### 0701

A seed point discontinuity-based level set method for accurate substantia nigra and red nucleus segmetation in QSM images
Tian Guo1, Binshi Bo1, Xinxin Zhao1, Xu Yan2, Yang Song1, Caixia Fu3, Dongya Huang4, Hedi An4, Nan Shen4, Yi Wang5, Jianqi Li1, and Guang Yang1

1Department of Physics, Shanghai Key Laboratory of Magnetic Resonance, East China Normal University, Shanghai, People's Republic of China, 2MR Collaboration NE Asia, Siemens Healthcare, Shanghai, People's Republic of China, 3Siemens Shenzhen Magnetic Resonance Ltd., Shenzhen, People's Republic of China, 4Department of Neurology, East Hospital Affiliated to Tongji University, Shanghai, People's Republic of China, 5Department of Radiology, Weill Medical College of Cornell University, New York, United States

### Synopsis

Accurate segmentation of substantia nigra (SN) and red nucleus (RN) in quantitative susceptibility mapping (QSM) images has great clinical value in quantifying iron deposition and measuring disease severity. We propose a new segmentation algorithm which uses the discontinuity of seed points in different tissues as prior knowledge. Seed points in SN or RN can be obtained from standard atlas or specified manually. This prior was then incorporated into level set method to segment SN and RN. Experiments on in-vivo MR images showed that the proposed method achieved more accurate segmentation results than the atlas-based method and classic level-set method.

### Background and Purpose

Quantitative susceptibility mapping (QSM) is a powerful tool for quantifying iron deposition increase in the substantia nigra (SN) and red nucleus (RN) of patients with idiopathic Parkinson’s disease (PD).1 Due to the small size of SN and RN, accurate segmentation is essential for quantification of iron deposition and, in turn, the severity of disease progression. Current segmentation methods, however, are suboptimal. The conventional atlas-based methods may be substantially influenced by inter-subject variability. Subject-specific methods, such as level set, perform poorly when deep brain nuclei are in close proximity. Here, we describe a method to improve the segmentation accuracy of SN and RN in QSM images.

### Methods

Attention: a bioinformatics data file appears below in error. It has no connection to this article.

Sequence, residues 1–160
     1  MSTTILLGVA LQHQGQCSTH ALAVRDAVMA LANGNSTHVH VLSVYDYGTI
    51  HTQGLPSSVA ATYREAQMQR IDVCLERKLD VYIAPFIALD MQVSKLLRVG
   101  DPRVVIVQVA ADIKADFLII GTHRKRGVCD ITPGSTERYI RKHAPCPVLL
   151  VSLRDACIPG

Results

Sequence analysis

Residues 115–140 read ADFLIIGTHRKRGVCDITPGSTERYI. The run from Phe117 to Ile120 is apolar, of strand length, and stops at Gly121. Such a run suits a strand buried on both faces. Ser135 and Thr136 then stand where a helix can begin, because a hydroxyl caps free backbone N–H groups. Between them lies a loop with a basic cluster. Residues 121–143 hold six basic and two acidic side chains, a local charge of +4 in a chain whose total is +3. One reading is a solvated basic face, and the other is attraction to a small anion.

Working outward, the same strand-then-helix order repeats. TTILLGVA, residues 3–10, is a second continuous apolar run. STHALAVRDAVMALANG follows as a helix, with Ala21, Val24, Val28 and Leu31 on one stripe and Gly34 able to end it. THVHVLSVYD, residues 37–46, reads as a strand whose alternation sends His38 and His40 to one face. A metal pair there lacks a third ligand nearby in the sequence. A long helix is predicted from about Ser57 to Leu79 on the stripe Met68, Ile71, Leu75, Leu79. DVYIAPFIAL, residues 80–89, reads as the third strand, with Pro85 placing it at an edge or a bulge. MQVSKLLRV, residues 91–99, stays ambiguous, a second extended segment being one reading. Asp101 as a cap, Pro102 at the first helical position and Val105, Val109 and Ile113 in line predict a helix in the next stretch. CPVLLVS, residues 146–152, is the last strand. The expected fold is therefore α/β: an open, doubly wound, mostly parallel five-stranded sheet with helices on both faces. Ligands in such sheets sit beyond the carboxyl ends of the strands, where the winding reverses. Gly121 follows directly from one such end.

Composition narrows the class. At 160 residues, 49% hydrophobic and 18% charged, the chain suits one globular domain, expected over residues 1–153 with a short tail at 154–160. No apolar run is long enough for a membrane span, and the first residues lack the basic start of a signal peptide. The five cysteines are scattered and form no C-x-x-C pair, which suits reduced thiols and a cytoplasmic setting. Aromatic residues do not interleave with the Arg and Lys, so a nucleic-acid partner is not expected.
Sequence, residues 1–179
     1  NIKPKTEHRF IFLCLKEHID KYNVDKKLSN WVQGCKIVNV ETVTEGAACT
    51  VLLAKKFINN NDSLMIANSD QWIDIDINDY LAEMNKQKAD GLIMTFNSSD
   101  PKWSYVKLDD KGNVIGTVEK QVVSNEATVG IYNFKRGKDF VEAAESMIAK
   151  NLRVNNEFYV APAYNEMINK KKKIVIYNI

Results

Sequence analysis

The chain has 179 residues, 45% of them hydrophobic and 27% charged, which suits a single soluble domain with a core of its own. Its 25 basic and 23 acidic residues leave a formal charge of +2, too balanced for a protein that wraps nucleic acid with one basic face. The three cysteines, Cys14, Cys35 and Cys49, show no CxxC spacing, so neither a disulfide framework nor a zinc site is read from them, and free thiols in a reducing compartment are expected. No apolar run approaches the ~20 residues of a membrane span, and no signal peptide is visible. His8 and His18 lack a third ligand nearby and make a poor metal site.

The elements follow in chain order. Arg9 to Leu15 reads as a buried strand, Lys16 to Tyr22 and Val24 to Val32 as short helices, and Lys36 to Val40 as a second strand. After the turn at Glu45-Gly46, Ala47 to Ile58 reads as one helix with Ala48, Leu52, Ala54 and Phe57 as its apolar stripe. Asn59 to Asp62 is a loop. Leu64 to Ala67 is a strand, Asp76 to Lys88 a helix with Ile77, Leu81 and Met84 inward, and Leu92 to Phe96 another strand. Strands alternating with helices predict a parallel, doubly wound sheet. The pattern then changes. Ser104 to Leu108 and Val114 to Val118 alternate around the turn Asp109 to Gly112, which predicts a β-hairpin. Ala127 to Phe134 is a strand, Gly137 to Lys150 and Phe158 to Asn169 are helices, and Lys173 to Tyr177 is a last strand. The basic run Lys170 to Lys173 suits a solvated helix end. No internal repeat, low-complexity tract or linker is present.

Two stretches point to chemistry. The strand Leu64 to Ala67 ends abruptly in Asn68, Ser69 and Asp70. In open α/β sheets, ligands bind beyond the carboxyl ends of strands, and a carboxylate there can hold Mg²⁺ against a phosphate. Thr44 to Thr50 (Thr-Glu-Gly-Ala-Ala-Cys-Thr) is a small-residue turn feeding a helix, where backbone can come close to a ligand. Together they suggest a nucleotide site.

A total of 11 patients with PD (67.9 ±4.9 years old, 5 males and 6 females) and 11 healthy controls (HC) (68.2 ± 5.6 years old, 5 males and 6 females) underwent MR scans on a clinical 3T system (MAGNETOM Trio Tim; Siemens, Erlangen, Germany) with a 12-channel head matrix coil. The QSM images and R2* mapping were obtained from the same three-dimensional (3D) multi-echo gradient-echo sequence with the following parameters: TR = 60ms, TE1 = 6.8ms, ΔTE = 6.8ms, echo number = 8, flip angle = 15˚, FOV = 240x180 mm2, in-plane resolution = 0.625x0.625 mm2, slice thickness = 2 mm, number of slices = 96. QSM images were calculated from the phase data using the Morphology Enabled Dipole Inversion (MEDI) algorithm.2 Prior knowledge of seed points was used to improve segmentation accuracy of the level set method for slices with poor contrast between SN and RN. We first obtained initial regions-of-interest (ROIs) of the whole SN and RN using the human brain atlas method.3 Although the ROIs were not accurate, two seed points lied in SN and RN respectively can be found correctly by calculating the barycenter of each ROIs (or manually made them). We knew these two seed points are not connected due to they belong to different tissues. Thus, an intensity profile of the voxels along the shortest path between the two seed points was then analyzed so as to wipe off those voxels that belonging to neither SN nor RN. The above processing was repeated several times until the classic level set method could separate these two nuclei effectively after a proper number of voxles (belong to neither SN nor RN) were wiped off. Note that the shortest path between two seed points changed constantly with iterations because it could not get through the voxels that had been wiped off. The details of the processing is shown in Figure1. The ROIs were obtained using the "Diffeomap" software provided by Issel Anne L. Lim.3 We adopted a Dice Similarity Index to evaluate the results：$$Dice = \frac{2\left({S}\cap{T}\right)}{\left(S+T\right)}$$ where S and T denote the number of pixels in the manual and automatic segmentation and S∩T denotes the number of pixels in the overlay of the two segmentation results.